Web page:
Richard Durst: “Pathological Science and the Perils of Thinking Outside of the Box”
“Pathological Science and the Perils of Thinking Outside of the Box”
Presenter: Richard Durst, Professor Emeritus of Chemistry, Food Science
Thursday, April 19 | 10:30 to 11:30am | BTI Auditorium
Revolutionary science often requires thinking outside of the box. However, stepping outside of the box can be fraught with many hazards, not the least of which is the loss of objectivity.
Scientists are often not very good judges of the scientific process. The best intentions can be subverted by self-deception. Even eminent scientists have had their careers tarnished or ruined by misinterpreting unremarkable events and convincing themselves that they have made a great discovery.
Error is a normal part of science, and many revolutionary discoveries turn out to be wrong. Uncovering flaws in observations or reasoning is part of what scientists do, by replicating measurements and designing control experiments.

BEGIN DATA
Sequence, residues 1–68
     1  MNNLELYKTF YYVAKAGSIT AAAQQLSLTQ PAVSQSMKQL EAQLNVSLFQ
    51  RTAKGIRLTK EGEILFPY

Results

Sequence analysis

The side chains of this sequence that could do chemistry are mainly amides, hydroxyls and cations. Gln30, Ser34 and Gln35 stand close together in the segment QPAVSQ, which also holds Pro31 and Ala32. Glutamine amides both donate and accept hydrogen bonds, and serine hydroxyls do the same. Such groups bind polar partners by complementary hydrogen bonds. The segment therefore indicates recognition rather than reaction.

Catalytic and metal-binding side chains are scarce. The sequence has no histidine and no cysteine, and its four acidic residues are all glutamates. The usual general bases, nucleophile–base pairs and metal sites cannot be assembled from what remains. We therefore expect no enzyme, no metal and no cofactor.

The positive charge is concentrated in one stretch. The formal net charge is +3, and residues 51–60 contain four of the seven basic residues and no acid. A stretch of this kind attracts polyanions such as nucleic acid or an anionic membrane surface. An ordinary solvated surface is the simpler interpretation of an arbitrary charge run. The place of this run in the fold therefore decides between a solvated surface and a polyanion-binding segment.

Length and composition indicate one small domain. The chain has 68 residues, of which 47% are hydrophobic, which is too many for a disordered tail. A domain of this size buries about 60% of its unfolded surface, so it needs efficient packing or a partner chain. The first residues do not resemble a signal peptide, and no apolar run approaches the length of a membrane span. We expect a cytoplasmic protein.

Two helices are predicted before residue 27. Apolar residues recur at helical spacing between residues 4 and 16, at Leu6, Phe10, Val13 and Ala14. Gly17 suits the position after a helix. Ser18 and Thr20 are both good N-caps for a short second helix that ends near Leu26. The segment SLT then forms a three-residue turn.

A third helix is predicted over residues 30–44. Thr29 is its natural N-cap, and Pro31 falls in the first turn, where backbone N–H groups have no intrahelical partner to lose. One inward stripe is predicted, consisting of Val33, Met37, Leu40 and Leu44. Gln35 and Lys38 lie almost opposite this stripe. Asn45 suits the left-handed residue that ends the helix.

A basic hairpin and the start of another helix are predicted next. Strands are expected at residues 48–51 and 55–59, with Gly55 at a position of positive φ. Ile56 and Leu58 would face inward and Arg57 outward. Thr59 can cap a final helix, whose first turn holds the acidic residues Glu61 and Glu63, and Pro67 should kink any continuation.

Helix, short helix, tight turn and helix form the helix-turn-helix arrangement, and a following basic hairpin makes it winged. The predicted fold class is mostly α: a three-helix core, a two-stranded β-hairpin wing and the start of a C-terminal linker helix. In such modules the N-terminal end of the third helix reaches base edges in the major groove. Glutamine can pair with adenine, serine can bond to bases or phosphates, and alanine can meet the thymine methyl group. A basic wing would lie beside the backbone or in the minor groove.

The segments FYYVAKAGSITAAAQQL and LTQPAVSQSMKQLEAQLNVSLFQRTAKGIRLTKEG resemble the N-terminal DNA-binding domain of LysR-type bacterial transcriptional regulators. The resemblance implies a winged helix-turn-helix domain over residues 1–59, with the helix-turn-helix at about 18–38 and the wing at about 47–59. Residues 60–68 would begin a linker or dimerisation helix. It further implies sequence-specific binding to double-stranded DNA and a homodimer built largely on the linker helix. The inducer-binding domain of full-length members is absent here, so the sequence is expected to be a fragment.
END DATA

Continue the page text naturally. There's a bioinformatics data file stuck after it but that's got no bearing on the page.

“Pathological science” is the term coined by Irving Langmuir in 1953. Other terms for this phenomenon include: pseudoscience; voodoo science; junk science; weird science; etc. However, pathological science should be distinguished from hoaxes and fraud — which are intentionally meant to deceive.
This presentation will look at the various causes of pathological science and examine some of the interesting examples, such as Martian canals, N-rays, 21-gram soul, extrasensory perception, polywater, cold fusion and, the latest, the Hydrino Suncell..
Self-deception can affect anyone — scientists are only human — even some of the best minds have been fooled. Critical thinking must be used to avoid the pitfalls of pathological science.